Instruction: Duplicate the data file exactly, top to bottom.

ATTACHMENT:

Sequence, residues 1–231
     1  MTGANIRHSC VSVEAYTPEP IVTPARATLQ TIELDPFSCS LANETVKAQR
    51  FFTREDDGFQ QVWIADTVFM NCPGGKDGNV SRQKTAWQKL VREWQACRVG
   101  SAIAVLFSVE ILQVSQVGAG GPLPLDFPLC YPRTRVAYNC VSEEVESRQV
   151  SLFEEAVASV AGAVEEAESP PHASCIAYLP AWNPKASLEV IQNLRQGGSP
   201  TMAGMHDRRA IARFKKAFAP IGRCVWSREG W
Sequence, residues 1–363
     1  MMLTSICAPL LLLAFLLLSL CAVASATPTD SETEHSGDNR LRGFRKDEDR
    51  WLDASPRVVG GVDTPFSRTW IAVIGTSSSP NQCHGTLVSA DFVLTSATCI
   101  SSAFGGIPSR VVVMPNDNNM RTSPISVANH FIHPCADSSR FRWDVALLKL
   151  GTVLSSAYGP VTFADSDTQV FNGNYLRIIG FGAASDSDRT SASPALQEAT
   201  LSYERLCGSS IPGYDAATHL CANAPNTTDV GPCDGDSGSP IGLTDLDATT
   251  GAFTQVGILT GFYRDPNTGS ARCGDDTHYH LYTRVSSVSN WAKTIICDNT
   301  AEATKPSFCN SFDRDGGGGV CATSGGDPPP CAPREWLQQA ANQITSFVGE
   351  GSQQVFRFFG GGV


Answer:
Sequence, residues 1–231
     1  MTGANIRHSC VSVEAYTPEP IVTPARATLQ TIELDPFSCS LANETVKAQR
    51  FFTREDDGFQ QVWIADTVFM NCPGGKDGNV SRQKTAWQKL VREWQACRVG
   101  SAIAVLFSVE ILQVSQVGAG GPLPLDFPLC YPRTRVAYNC VSEEVESRQV
   151  SLFEEAVASV AGAVEEAESP PHASCIAYLP AWNPKASLEV IQNLRQGGSP
   201  TMAGMHDRRA IARFKKAFAP IGRCVWSREG W
Sequence, residues 1–363
     1  MMLTSICAPL LLLAFLLLSL CAVASATPTD SETEHSGDNR LRGFRKDEDR
    51  WLDASPRVVG GVDTPFSRTW IAVIGTSSSP NQCHGTLVSA DFVLTSATCI
   101  SSAFGGIPSR VVVMPNDNNM RTSPISVANH FIHPCADSSR FRWDVALLKL
   151  GTVLSSAYGP VTFADSDTQV FNGNYLRIIG FGAASDSDRT SASPALQEAT
   201  LSYERLCGSS IPGYDAATHL CANAPNTTDV GPCDGDSGSP IGLTDLDATT
   251  GAFTQVGILT GFYRDPNTGS ARCGDDTHYH LYTRVSSVSN WAKTIICDNT
   301  AEATKPSFCN SFDRDGGGGV CATSGGDPPP CAPREWLQQA ANQITSFVGE
   351  GSQQVFRFFG GGV